With no creeks or large bodies of water on the mountain, riding conditions throughout the winter are appealing with less mud and wet terrain. With winter though, comes less daylight.  No problem, keep your mtn. biking skills sharp with some night riding.  Strap on some lights and ride the trails after work, school, or supper.  Most trails are marked, rated and maps available online.  What is unique about Mt. Zoo is a cool app available called the Mt. Zoo GeoMap.  This app lets you see where you are on the map/mountain in real time, using your SmartPhones' built in GPS.  A helpful tool to keepyou orientated on the mountain which is handy for night riding.  For a comprehensive list of routes, maps, videos, the geoapp and any trail maintenance information, got to Heavy J's Offical Mt. Zoo Website.

Doumont Located in Nanaimo, BC west off of the Trans Canada highway on Jingle Pot Rd (the one between Northfield and Aulds) then right on Biggs Road (which will turn into Weigles Road) and follow past motor cross track.  Park and get out and ride.  Map to Doumont There is an extensive network of trails in Nanaimo that wind and weave around Westwood, Mt. Benson and south into Cinnabar Valley, but for now, I am only speaking of Doumont.  Here is where you can find downhill and freeride type trails with some pretty crazy and high jumps, ramps, and log rides.

Still plenty of cross country and we found most trails suited an intermediate rider, even though we all managed to make it down.  Signage in Doumont not as good as other areas but online maps, such as Phil's Maps, will do.  To avoid wasting time or for a better first time experience, ride the trails with someone who knows the area and can string together some runs.

The newest trail to hit Doumont, Fine China, is the first provincially approved mountain bike trail, built by the Nanaimo Mountain Bike Club.  The 1200m trail is described as a pump track or flow track, and let me tell you, it is a few minutes of pure fun!  Well worth the grinder to get to the start of the trail.  If my kids had their waywe would ride Doumont everyday, as would many of my adult friends.  Just be forewarned, in and around the Doumont trail network, biosolids are applied to VIU's woodlot under the Forest Fertilization Program, so be sure to keep your mouth closed when riding.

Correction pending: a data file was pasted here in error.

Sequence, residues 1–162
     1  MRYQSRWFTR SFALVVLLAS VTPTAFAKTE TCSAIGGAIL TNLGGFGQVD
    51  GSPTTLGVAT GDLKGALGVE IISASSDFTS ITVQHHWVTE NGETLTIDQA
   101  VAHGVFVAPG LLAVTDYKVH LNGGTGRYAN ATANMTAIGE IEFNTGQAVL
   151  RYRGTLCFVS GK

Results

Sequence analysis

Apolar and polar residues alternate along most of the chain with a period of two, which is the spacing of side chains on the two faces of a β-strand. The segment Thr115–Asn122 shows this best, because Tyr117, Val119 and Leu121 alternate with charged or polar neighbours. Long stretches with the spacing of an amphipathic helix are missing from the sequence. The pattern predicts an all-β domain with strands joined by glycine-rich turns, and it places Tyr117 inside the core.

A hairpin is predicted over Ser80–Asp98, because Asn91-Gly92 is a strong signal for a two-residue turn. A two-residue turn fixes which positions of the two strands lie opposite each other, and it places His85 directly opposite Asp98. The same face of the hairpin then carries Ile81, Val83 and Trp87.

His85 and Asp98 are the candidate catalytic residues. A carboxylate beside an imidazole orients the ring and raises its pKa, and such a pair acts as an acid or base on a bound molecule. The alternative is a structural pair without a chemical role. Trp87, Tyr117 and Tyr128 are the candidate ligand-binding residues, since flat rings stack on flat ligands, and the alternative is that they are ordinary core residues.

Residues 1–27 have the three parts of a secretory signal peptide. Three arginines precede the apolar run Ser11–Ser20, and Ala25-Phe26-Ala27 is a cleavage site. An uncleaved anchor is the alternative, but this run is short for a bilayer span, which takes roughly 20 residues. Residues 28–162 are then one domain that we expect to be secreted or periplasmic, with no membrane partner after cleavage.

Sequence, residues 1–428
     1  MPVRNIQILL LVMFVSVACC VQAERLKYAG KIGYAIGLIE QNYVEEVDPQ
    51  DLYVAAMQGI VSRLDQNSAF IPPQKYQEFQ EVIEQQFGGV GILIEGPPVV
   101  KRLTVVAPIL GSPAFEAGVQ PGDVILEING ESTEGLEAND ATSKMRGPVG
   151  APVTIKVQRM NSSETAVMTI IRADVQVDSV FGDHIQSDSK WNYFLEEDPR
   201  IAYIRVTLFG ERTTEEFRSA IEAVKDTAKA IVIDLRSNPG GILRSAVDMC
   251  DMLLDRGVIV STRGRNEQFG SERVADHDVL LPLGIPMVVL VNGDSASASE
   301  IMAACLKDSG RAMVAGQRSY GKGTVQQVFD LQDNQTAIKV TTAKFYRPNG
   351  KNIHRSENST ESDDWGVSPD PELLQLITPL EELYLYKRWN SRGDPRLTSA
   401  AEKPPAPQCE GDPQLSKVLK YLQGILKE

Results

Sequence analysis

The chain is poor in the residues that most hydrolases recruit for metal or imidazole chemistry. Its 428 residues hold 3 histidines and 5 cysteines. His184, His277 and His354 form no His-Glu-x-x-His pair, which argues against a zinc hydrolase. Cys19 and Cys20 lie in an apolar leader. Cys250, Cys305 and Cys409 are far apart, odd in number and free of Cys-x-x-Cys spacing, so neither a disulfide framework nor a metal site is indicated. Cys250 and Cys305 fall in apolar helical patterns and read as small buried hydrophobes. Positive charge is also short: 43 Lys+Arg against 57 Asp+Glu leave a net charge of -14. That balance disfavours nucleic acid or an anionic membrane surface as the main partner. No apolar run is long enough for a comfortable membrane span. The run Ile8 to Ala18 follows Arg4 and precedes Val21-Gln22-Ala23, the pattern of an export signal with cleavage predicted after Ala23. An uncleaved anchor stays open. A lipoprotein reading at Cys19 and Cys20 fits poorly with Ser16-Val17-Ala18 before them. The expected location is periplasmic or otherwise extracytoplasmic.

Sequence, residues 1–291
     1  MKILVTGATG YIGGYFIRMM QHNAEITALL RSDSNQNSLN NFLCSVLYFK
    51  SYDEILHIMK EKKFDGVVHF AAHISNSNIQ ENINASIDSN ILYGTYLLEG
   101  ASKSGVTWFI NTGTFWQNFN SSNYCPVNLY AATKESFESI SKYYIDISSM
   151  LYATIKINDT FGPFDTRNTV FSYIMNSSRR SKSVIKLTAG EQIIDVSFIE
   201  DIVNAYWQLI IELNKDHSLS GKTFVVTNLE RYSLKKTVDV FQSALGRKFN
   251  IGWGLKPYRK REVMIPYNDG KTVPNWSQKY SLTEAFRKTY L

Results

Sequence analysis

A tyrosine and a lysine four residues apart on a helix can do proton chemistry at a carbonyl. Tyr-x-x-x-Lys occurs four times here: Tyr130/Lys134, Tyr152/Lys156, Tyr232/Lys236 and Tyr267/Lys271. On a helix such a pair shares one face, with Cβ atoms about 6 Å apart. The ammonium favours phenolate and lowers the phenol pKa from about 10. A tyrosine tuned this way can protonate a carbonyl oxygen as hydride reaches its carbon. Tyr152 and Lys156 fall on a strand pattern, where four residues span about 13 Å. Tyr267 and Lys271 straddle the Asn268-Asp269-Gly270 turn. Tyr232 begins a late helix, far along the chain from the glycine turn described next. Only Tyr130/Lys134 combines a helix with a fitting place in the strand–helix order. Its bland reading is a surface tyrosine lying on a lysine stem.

Cumberland – Located in the Comox Valley, Cumberland is a small village west of Courtenay and Comox.  When you hit the village, you pretty much have reached the trail head. Map marking trailhead of Cumberland Trails Cumberland has an outdoor enthusiast feel to it and is my favorite place to ride.  You could call it the epicentre to all things mt. biking. No matter where you are, someone is riding or the empty bike rack on the vehicle tells you they are still out riding.  People here are passionate about their outdoors.  Everything from trail building, purchasing land to add to the Cumberland Forest, and supporting local business, the people of Cumberland make it special. 

To really get a feel for the place, spend a weekend riding the trails.  Stay at the Riding Fool Hostel, grab a trail map from Dodge City Cycles, and get to know the local riders at the Waverley Pub.  Start or end your day by stopping in at one of the many, many fabulous eateries in the village (too many to mention)  Oh yeah, and ride some trails.  Cumberland has a little bit of everything.

From the village you can ride along the streets, on flat walking trails, or climb on up the main logging road surrounding the community forest for some light technical and downhill riding.  Cumberland is a popular riding destination but unlike Mt. Zoo, you can pedal for hours without meeting another rider.  A short ride up and you are able to get away from your busy schedule, responsibilities and surround yourself in a lush second growth temperate rain forest. The trail builders of Cumberland, known to locals as the River Rats, create trails like nothing you have ever seen and the craftsmanship of the ramps, berms, jumps and yes, even a teeter totter, are works of art.  Among other artistic things.

Most of the trails have signage and the phone friendly or print out map will not fail you.  Riding Cumberland can easily be done as a day trip offering all levels of riders a great day on the trails or as a weekend adventure, shredding as much trail as possible. 

Whether your new to mtn. biking, looking to ride on Vancouver Island, or an Island rider already, these five trail systems have everything you are looking for.  What I love best is that these are only a snippet of what is out there for mountain bike riders on Vancouver Island.  I can’t wait to get the OTBP crew out again and tear up more trails. 

Happy Riding!